Recipe: For a glorious summer dessert, make individual Pavlovas topped with berries and cream
Pavlova is the most glorious summer dessert. Named for the Russia ballerina Anna Pavlova, and first made in Australia or New Zealand (depending on whom you ask), the big, crisp meringue is so beautiful you almost don’t want to eat it. Instead of one large confection, we make small meringues here to top with lightly sweetened whipped cream and berries. A personal dessert feast.
Meringues are not difficult, but there are a few tricks to getting them crisp enough to store at room temperature for a couple of days. Start with a squeaky-clean bowl and room temperature eggs (Grade A large for this recipe). To take the chill off refrigerated eggs, put them in a bowl of warm water and let them sit for about 15 minutes. Because eggs are easier to separate when they are cold, you could also use this method: Separate cold eggs (save the yolks for another dessert) and place the whites in the bowl of your electric mixer; stainless is ideal. Set the base of the bowl in another bowl of hot water and stir for about 30 to 45 seconds, or until they feel warm to the touch.
To make the meringue, beat the whites for a minute or two until they form soft peaks and then very slowly add the sugar. Take your time with this, so that the sugar has a chance to dissolve. If you rub a little of the mixture between your fingers, you shouldn’t feel any grit. Beat until the meringue is stiff and glossy.
For the whitest, prettiest meringues, bake them at a low temperature. They need over an hour in the oven — once they are done, the bottoms should lift easily off the parchment paper — then at least another hour to cool in the turned-off oven. Your wait for pavlova will be rewarded with a gorgeous dessert.
Individual Pavlovas with fresh berries
|1¼||cups granulated sugar|
|4||egg whites, at room temperature|
|Pinch of fine sea salt|
|½||teaspoon cream of tartar|
|1||teaspoon vanilla extract|
1. Set the oven at 215 degrees. Line a large baking sheet with parchment paper.
2. In a small bowl, whisk the granulated sugar and cornstarch until combined.
3. In the bowl of an electric mixer fitted with the whisk attachment, beat the egg whites and salt on medium speed until foamy. Sprinkle with the cream of tartar. Continue beating just until soft peaks begin to form.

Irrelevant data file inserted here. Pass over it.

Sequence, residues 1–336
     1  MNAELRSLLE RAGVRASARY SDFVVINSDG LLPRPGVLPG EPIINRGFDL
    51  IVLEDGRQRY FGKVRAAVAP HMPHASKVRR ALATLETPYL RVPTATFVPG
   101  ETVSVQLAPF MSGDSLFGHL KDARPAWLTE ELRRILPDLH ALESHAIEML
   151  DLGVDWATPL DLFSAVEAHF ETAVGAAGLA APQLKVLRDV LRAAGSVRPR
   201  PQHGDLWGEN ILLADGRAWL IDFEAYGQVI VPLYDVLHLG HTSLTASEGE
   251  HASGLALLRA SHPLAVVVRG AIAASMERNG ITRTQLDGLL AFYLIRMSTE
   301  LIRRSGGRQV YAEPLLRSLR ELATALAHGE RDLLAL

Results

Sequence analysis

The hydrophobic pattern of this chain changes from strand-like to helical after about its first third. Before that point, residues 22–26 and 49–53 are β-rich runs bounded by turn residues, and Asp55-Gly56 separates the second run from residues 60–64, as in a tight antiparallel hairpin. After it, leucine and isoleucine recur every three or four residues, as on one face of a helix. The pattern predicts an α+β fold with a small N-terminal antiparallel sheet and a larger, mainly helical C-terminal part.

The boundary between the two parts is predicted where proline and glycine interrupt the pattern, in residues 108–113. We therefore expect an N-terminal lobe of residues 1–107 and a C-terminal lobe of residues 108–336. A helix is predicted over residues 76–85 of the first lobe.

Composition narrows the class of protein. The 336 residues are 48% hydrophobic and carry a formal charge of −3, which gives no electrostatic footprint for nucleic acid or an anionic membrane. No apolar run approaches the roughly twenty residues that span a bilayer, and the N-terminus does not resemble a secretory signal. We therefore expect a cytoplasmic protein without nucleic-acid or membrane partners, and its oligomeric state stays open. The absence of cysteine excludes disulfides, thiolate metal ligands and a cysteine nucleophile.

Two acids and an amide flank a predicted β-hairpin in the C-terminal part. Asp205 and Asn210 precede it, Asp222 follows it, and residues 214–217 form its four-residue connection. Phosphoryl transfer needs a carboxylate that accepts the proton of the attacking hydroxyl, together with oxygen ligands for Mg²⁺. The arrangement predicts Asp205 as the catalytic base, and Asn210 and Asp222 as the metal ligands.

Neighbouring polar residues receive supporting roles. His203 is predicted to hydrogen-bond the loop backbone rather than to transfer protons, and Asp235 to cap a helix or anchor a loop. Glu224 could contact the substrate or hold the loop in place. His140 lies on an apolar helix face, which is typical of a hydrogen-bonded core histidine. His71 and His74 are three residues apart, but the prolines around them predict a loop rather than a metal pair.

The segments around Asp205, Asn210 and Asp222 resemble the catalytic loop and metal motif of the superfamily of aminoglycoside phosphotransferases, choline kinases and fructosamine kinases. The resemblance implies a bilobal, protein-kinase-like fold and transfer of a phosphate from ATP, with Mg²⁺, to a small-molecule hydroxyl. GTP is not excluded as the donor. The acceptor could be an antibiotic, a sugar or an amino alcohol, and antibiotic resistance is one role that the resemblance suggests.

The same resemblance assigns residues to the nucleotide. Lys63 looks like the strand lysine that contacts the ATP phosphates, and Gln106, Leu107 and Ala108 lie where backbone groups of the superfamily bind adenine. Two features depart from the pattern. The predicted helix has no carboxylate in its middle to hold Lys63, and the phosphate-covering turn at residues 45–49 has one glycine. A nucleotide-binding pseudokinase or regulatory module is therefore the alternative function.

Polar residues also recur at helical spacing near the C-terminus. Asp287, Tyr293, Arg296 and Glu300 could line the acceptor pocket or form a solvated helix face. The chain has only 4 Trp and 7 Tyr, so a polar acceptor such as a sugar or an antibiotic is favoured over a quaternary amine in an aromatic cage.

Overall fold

4. With the mixer still on medium speed, slowly add the granulated sugar mixture, 1 tablespoon at a time. This should take 3 to 4 minutes. When all the sugar has been added, beat for an additional 1 to 3 minutes on medium-high, or until the meringue is thick and shiny and forms stiff peaks. Dip your index finger into the meringue and rub it between your finger and thumb. If it feels gritty, continue to beat for 1 minute more, or until it feels smooth between your fingers. Beat in the vanilla.
5. With a large metal spoon, make 6 mounds of meringue, spacing them at least 2 inches apart on the baking sheet (they will expand slightly during baking). Use the back of a small spoon or an offset spatula to spread each mound into a 4-inch circle, making an indentation in the middle for the topping.
6. Bake the meringues for 1 hour and 15 minutes, or until they look dry and feel crisp on the outside. When they lift easily off the parchment, they are done. Turn the oven off and let them cool slowly for 1 hour or longer in the oven, or until they are cool. Store at room temperature covered loosely with foil, for up to 2 days.
|2||cups heavy (whipping) cream|
|3||tablespoons confectioners' sugar|
|1||teaspoon vanilla extract|
|5||cups blueberries, strawberries and blackberries, or a combination|
|Confectioners' sugar (for sprinkling)|
|Few leaves fresh mint (for garnish)|
1. In the bowl of an electric mixer fitted with the whisk attachment, beat the cream, confectioners’ sugar, and vanilla on medium speed, just until soft peaks form (it will be slightly underwhipped). Remove the bowl from the mixer, and whisk by hand until the cream looks stiffer.
2. Spoon some whipped cream on each of the meringues and top with berries. Sprinkle with confectioners’ sugar and garnish with fresh mint.
Sally Pasley Vargas